If you have taken a look at search results for your business, products or services you will notice that a map with local results shows up on the first page of the search results. Any business that has claimed (required to use the local listing as a local marketing tool) and updated their listing and has information pertinent to the search in the local area will get displayed. Understanding how to perform this process is equally important and has become more important as local business, products and services are easily available to the local consumer.

Some specific examples about local business types that will benefit from local listings include:

• If you are a franchisee your franchisor may have the necessary information about the brand, products or services.

• If you are a bank with multiple branches offices, they each need to be claimed (required to use the local listing as a local marketing tool) separately and updated separately.

• If you are a restaurant, then you will find you can update your menu into your local listing.

• If you are an automotive dealership you will find local listings to be your best bet to reach the local consumer market. This will be better than the yellow pages that are used for door stops as well as the full page ads that no one reads in the local traditional papers that are dwindling in circulation and frequency of issues.

• If you are a professional service like a Doctor, Dentist, Attorney, Architect, then you will local listings a new outlet to reach out to the local consumer.

For small business marketing or for that matter any local business marketing the steps to take to use local listings as a marketing tool are:

1. Claim your listing (required to use the local listing as a local marketing tool).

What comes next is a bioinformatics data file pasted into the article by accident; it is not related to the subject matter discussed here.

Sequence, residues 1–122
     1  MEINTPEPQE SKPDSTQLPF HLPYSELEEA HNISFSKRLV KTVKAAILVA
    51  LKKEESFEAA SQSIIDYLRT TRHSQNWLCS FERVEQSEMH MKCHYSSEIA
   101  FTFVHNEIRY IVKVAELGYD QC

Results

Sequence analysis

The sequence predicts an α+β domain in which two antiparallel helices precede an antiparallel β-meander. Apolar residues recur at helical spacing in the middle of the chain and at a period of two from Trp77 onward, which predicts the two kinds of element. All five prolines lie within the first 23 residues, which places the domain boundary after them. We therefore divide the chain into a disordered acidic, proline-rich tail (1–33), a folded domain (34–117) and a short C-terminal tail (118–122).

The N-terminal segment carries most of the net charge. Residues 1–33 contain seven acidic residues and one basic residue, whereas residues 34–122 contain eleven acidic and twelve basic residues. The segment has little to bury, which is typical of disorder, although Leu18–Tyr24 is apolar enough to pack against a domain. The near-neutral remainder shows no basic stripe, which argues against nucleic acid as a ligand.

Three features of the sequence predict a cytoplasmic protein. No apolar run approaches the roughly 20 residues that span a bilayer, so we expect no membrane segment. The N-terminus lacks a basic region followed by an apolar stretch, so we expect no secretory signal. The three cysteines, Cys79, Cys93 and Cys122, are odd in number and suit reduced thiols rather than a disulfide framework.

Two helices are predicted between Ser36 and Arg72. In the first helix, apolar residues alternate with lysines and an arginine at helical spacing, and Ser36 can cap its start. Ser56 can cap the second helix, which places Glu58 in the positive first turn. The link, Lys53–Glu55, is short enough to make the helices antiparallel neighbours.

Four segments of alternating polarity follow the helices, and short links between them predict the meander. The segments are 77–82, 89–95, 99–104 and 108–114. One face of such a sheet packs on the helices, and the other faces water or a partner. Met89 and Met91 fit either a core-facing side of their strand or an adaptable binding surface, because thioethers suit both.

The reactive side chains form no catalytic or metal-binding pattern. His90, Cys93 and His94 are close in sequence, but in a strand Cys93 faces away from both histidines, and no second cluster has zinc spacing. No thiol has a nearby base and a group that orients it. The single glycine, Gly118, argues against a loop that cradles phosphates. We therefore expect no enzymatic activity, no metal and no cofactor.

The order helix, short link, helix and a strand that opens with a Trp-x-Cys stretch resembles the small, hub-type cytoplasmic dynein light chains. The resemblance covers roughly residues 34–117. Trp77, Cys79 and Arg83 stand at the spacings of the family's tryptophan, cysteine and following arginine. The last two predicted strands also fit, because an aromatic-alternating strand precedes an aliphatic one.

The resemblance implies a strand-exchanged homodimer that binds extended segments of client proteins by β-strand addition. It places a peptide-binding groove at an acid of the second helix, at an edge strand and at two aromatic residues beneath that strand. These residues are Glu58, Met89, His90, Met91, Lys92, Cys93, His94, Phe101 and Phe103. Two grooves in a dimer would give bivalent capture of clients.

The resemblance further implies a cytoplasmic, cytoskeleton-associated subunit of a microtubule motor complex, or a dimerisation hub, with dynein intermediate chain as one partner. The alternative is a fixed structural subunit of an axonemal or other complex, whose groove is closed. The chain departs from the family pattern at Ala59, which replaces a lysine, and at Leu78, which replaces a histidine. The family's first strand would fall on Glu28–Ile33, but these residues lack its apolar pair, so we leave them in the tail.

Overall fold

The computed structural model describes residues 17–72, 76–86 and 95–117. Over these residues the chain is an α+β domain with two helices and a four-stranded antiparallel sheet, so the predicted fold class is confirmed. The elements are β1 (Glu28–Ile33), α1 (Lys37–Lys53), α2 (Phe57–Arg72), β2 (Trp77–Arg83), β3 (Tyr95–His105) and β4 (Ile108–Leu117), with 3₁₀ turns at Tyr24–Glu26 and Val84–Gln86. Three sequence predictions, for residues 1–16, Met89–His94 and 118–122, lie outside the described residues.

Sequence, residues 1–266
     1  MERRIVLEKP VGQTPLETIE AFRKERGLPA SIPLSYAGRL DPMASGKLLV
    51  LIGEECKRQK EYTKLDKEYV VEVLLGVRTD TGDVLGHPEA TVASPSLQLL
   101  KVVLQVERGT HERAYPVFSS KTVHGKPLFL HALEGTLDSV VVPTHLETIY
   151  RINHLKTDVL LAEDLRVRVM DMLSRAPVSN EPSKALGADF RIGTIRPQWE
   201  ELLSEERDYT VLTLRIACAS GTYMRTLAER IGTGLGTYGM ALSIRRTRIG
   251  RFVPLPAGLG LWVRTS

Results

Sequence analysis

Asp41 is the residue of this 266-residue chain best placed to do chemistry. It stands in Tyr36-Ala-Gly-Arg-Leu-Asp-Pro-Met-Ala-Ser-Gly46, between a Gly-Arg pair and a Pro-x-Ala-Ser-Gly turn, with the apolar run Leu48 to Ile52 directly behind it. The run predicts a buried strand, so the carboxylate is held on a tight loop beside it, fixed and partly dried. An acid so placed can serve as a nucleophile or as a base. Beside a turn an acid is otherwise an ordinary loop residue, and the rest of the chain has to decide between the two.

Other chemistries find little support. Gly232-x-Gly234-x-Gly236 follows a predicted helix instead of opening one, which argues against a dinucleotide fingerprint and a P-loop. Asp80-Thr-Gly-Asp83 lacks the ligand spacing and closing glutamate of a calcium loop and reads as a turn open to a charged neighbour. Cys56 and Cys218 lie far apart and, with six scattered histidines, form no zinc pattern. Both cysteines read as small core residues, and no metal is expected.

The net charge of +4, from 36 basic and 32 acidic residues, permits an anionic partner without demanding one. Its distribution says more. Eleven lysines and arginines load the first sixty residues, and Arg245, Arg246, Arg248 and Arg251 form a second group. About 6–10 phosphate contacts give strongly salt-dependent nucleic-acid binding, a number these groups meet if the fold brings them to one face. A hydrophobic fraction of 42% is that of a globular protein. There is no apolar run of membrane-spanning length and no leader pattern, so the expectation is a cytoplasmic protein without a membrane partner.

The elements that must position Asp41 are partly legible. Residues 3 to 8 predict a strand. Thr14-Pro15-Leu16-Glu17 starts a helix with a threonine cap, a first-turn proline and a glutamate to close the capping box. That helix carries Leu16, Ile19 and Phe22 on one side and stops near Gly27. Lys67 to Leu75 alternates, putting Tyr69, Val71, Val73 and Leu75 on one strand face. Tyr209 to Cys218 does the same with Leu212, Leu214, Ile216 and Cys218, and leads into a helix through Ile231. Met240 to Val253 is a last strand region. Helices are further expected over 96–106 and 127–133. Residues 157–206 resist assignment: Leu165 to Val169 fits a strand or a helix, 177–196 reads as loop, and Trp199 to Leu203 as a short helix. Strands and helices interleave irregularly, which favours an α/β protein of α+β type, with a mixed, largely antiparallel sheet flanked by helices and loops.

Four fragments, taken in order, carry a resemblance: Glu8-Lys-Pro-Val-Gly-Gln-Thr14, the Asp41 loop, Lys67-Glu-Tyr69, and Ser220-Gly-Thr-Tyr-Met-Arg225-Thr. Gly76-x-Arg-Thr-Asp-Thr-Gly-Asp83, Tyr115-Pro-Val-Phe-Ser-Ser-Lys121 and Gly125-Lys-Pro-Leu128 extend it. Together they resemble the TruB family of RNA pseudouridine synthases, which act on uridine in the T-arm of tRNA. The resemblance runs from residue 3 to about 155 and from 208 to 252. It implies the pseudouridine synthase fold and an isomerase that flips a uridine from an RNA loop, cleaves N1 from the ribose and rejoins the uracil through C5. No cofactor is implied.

2. Update your listing with your business information, products and services.

3. Add any photos of your business, products and services.

4. Add any videos of your business, products and services.

5. Add any coupons, offers, discounts for your products and services.

6. Get customers to write reviews about their experience with your business, products or services.

7. Manage your local listing weekly with any updates about your business, products or services.

8. Now we need to do all of the above in six of the most popular local listing websites that includes Google, Yahoo, Bing,,, and Yelp. There are up to 20 for consideration and based on your locality and industry there could be more.

9. Lastly, aside from keeping the listing up to date at multiple locations, you also have to monitor any local consumer reviews, particularly if they are negative. This will happen regardless if you have claimed (required to use the local listing as a local marketing tool) and updated your listing whether you like this part or not. Consumers have been providing their feedback about a business, product and reviews for a number of years on the web into these local listings as well as through social media.

You’re probably wondering why you need to manage your local listing at all these locations and not just on Google. The answer has two parts.

• The first lies with the mobile marketing industry. Google may be the 800 lb. gorilla “on” the web, but in the mobile industry, the mobile application developer will decide whose database of local listings they will use to display on mobile devices.

• The second lies with the local consumer who will decide which website they will use to submit their reviews and comments about a business, product or service. This one is probably more important than the first.

Both of the above clearly indicate that Google is not going to be the primary source when it comes to mobile devices, mobile applications and mobile marketing. At least not yet!

As with most local and small businesses, your time resources are limited and your expertise does not lie in the management of Internet marketing of your business. For this reason low cost local listing management services are provided by SmartFinds Internet Marketing through their SmartFinds Local Listing service. You will find this to be of great benefit and the low cost will help you potentially eliminate your yellow page ad costs. Let the experts of 15 years Internet marketing experience help you.

How to Build an Industry Community on Facebook, Google+, or LinkedIn

by on September 16, 2013 |

In an article from the web we check in on SitePtoNews where author Adrienne Erin goes over how to build industry communities on Google Plus, Facebook & LinkedIn.  We hope you enjoy the article, learn, comment and share!